3 Ways to Inspire Curiousity in Your Students
Albert Einstein wrote: ‘It is a miracle that curiosity survives formal education.’ There are many challenges to fostering curiosity in the current educational model. However, curiosity is an essential component to learning. Research by the Association for Psychological Science (2011) has indicated that that curiosity is critical to academic performance.
Curiosity is, in essence, a thirst for knowledge. As educators, we have ample opportunities to inspire curiosity in our students. If educators are successful in fostering curiosity in their students, this automatically translates into a desire to learn. This fostered love of or desire to learn can translate into students who are engaged in the learning process and take ownership of their learning.
Why Foster Curiosity?
According to Marianne Stenger in her article Why Curiosity Enhances Learning curiosity prepares the brain for learning and makes subsequent learning more rewarding.
Furthermore, Erik Shonstrom discusses how curiosity is essential for students to want to learn in the first place.
The book "Why Don't Students Like School?: A Cognitive Scientist Answers Questions about How the Mind Works and What it Means for the Classroom" by Daniel T. WIllingham is a great read and shares further insight into how students learn from a cognitive standpoint and what this means for teaching and learning.
Ways to Foster Curiosity In The Classroom:
Have a Good Hook-and ask the right questions!
Students respond to questions that inspire or engage them. Try to first get to know your students and discover issues, hobbies and activities they are passionate about and try to make connections between these things and the questions you choose to spark curiosity in your students. Furthermore, ask questions that are open-ended in nature (ie. not “Googleable”) to inspire curiosity in your students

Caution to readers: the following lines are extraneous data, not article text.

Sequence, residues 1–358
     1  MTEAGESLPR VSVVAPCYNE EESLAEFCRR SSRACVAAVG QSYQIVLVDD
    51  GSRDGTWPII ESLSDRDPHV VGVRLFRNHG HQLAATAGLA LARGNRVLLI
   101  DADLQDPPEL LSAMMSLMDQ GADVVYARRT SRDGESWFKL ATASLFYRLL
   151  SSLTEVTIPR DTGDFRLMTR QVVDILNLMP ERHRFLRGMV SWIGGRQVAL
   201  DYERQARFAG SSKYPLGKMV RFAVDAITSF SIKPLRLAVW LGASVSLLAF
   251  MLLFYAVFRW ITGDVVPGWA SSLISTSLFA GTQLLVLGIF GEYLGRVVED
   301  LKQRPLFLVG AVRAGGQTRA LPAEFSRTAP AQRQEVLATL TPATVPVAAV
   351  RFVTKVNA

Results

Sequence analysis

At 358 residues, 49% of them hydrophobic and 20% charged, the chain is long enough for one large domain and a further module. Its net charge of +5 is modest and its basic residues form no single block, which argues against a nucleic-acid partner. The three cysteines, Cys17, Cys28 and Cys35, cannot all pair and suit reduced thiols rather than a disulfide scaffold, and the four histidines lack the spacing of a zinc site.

Integrate Project Based Learning in The Classroom
Curiosity is about seeking answers to questions and exploring. As a result, incorporating project-based learning in the classroom results in the optimal environment to foster creativity by starting with a driving question and having students seek answers and develop solutions. For more information on incorporating project-based learning in the classroom The Buck Institute website has some great free resources for getting started! For more information on the benefits of Problem-Based Learning check out my previous blog post here.
Provide Opportunities for Students to Explore Their Passions
I often get complaints from students that they do not know what they are passionate about. Provide multiple opportunities for students to explore issues and topics that interest them. The way I define passion to my high school students is what do they choose to do when they are procrastinating on their school work? Also, I always send out a survey using Google Form at the beginning of the term in order to get to know my student interests and ensure I respond to each one to show students I value their interests and input.
I then use this acquired date to incorporate student interests into the classroom.